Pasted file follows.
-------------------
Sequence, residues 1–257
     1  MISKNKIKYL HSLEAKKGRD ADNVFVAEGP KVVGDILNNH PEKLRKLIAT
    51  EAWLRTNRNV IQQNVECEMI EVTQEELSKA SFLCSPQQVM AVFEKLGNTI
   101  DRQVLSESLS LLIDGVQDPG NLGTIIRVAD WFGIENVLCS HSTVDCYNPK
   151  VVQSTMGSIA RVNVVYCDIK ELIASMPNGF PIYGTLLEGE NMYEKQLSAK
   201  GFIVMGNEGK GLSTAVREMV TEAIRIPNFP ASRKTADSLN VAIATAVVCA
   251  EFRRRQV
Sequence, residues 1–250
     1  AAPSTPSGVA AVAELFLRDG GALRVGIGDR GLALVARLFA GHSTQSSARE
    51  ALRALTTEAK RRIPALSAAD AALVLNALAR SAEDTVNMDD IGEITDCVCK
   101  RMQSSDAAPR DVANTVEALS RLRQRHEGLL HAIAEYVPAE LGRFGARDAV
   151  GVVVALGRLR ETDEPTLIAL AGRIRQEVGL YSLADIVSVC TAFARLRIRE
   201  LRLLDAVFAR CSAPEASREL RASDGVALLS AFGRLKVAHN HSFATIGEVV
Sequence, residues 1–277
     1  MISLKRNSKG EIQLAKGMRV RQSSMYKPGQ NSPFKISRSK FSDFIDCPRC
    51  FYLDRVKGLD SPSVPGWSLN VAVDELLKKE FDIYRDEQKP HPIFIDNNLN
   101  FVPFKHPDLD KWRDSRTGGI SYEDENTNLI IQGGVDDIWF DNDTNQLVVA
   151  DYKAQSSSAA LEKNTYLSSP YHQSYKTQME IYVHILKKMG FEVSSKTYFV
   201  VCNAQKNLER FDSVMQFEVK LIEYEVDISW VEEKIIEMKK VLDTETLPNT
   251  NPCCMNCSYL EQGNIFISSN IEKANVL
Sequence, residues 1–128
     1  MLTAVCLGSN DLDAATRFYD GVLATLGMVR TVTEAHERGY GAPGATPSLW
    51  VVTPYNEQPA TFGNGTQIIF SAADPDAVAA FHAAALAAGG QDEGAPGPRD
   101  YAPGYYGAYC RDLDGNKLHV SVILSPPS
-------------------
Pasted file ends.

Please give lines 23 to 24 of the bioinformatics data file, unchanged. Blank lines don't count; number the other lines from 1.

    51  VVTPYNEQPA TFGNGTQIIF SAADPDAVAA FHAAALAAGG QDEGAPGPRD
   101  YAPGYYGAYC RDLDGNKLHV SVILSPPS